Liberal Arts constitute not just a corpus of knowledge but a way of looking at that knowledge in a way that is holistic and global rather than narrow and overly scholastic. This twenty-first century revival of the Liberal Arts does not come from within the academy, but rather in response to the expressed needs of employers for broadly educated employees.
In India, there are unique challenges in introducing a true Liberal Arts curriculum in a university. First, no Indian faculty member who has done either BA or BS in India has been exposed to any version of the Liberal Arts on a collegiate level. Taking courses in standards IX and X are not a viable substitute for the higher order intellectual exposure that is part of a university education. Second, the problem can be compounded in fields such as design fine arts, or engineering where students can be educated not at a university but at an institute where their course of study is usually even more focused and more regimented than at a university affiliated multi-discipline college. Third, the +2 streaming process which clearly identifies the ‘Liberal Arts’ as the least desired stream for students has created the very real concerns and prejudices that we have seen in parents of our perspective students about the value of ‘diluting’ our professional programmes with unnecessary and distracting ‘frivolity’.
While the Kapil Sibals, Sam Pitrodas, and Sashi Tharoors have been preaching the importance of adding the Liberal Arts to all fields of Indian higher education, I have not heard an echoing drum roll from employers. Until employers not only start to talk about valuing this type of education but start to hire graduates who have mastered this new concept, parental and student resistance will likely continue at a high level.
Fortunately, some progressive employers have begun to do this and some of the ‘Corpoversities’ are gearing up to deliver a Liberal Arts based curriculum to their new employees. But, no one in India is anywhere near Apeejay Stya University’s accomplishment in this critical field.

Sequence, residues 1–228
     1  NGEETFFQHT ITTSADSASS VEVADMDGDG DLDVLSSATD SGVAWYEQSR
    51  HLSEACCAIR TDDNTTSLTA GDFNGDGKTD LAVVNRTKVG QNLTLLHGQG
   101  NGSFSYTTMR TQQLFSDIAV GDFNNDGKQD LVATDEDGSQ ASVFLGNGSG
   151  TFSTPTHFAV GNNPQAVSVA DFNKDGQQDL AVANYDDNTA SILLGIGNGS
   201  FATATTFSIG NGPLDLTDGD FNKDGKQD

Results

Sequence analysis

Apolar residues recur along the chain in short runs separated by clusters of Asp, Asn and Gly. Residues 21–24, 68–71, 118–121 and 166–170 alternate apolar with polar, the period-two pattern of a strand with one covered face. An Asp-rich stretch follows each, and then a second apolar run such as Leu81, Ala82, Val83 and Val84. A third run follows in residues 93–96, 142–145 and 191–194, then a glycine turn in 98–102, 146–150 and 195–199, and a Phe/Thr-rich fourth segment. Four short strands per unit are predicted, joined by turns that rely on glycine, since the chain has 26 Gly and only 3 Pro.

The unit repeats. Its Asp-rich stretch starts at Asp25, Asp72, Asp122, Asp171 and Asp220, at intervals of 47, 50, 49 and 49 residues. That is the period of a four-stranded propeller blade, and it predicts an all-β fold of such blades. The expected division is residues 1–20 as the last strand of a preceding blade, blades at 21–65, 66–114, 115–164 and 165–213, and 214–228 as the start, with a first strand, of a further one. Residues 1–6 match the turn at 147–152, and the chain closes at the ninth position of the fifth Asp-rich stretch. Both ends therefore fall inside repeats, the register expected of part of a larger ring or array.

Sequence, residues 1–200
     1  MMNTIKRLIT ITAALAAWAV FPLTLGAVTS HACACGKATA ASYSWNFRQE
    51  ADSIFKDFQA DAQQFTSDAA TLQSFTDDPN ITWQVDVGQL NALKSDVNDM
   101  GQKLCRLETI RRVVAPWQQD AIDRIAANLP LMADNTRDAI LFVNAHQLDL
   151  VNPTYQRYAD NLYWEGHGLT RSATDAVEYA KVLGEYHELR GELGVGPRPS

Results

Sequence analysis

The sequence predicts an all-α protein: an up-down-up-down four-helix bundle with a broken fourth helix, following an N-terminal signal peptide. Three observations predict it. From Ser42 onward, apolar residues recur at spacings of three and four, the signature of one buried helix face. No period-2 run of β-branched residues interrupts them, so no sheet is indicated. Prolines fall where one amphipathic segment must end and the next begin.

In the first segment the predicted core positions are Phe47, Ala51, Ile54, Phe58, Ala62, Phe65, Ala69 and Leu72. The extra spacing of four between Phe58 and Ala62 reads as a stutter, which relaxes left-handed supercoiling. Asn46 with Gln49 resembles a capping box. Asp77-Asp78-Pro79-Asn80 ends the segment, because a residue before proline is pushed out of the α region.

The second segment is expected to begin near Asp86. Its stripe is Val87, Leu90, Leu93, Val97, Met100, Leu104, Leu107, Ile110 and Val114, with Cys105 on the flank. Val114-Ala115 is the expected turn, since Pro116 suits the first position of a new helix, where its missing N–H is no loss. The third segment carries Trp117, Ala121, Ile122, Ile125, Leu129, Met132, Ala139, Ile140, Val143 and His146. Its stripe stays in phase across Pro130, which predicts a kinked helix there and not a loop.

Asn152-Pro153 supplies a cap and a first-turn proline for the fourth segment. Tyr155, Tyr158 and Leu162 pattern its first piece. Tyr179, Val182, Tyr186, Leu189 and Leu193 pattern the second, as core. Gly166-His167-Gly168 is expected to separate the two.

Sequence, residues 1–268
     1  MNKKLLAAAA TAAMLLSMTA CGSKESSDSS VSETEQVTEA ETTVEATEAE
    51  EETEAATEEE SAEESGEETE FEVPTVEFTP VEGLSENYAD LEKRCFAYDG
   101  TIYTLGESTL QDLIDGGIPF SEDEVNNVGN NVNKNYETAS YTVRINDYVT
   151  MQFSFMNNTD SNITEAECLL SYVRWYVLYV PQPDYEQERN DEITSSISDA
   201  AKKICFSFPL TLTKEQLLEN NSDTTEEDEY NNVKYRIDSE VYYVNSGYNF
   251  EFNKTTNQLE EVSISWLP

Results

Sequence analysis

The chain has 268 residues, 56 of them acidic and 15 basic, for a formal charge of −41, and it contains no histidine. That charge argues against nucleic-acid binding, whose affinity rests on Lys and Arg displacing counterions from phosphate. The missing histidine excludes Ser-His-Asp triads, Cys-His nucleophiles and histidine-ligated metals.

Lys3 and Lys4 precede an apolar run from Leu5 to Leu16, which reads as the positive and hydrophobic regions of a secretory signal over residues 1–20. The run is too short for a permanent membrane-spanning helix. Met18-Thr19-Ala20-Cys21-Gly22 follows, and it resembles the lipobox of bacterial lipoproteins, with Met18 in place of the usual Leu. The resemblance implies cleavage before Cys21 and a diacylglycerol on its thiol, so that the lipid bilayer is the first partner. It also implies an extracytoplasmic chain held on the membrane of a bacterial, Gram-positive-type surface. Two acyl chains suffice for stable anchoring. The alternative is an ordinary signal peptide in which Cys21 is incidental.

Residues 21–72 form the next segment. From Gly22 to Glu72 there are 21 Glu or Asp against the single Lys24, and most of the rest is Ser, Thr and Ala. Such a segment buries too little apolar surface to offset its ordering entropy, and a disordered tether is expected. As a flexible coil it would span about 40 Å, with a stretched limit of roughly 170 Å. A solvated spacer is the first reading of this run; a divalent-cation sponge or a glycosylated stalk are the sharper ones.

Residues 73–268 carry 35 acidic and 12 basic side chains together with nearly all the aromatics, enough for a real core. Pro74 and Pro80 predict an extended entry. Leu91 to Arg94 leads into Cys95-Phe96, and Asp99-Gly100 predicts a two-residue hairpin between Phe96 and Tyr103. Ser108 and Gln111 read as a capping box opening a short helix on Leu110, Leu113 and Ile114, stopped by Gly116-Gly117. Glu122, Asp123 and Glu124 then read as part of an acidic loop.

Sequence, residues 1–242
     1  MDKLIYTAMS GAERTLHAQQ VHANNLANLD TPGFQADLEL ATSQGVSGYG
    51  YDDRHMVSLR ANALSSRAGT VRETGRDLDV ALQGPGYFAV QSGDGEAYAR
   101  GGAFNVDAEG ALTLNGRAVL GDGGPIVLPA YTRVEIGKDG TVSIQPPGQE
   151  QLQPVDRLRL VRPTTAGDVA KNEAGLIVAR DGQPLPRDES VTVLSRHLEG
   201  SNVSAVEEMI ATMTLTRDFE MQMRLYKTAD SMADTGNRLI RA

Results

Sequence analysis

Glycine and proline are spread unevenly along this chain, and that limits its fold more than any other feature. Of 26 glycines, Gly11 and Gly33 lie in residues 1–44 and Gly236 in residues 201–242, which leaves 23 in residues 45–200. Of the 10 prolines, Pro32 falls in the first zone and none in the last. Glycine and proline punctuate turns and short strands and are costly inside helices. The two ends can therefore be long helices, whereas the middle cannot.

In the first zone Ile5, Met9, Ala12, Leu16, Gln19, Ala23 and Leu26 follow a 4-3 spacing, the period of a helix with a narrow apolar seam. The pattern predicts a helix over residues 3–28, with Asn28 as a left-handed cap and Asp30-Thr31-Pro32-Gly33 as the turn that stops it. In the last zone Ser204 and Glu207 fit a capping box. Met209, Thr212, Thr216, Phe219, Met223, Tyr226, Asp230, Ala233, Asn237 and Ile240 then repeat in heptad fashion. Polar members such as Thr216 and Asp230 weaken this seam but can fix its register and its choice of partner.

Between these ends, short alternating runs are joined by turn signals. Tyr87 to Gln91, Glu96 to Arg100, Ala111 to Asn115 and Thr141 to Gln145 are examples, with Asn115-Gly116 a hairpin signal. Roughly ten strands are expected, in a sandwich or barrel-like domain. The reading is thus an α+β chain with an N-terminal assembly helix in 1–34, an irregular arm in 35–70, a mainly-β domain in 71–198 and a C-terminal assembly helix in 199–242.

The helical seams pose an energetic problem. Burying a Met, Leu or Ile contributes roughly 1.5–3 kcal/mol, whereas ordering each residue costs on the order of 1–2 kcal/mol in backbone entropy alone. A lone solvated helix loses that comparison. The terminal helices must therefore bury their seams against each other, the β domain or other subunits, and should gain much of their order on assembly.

Creating a system which relies on truly dedicated liberal arts courses that are distributed among broad categories that conform to the classic epistemologically recognized pillars of the Liberal Arts (Arts and Humanities, Social and Behavioral Sciences, and Biological, Physical and Mathematical Sciences would put our students at the forefront of liberal arts pedagogy and would allow students to plan their course selections more rationally.
So what can our faculty either as an individual or collectively do to make this come to be?
We can have two or more faculty from different academic fields team-teach an existing course thereby broadening the scope of the course and exposing students to different perspectives on issues.
Another approach can involve linked courses with common enrollments. This arrangement works best when a common theme or series of themes can be agreed to by either an entire university or by major units within a university. Often linked courses are supplemented by co-curricular activities that also bear on the chosen theme.
This will result in better educated graduates who will go further and rise higher as the country prospers.
By Dr. Joel M. Rodney, Dean (Academics), Apeejay Stya University
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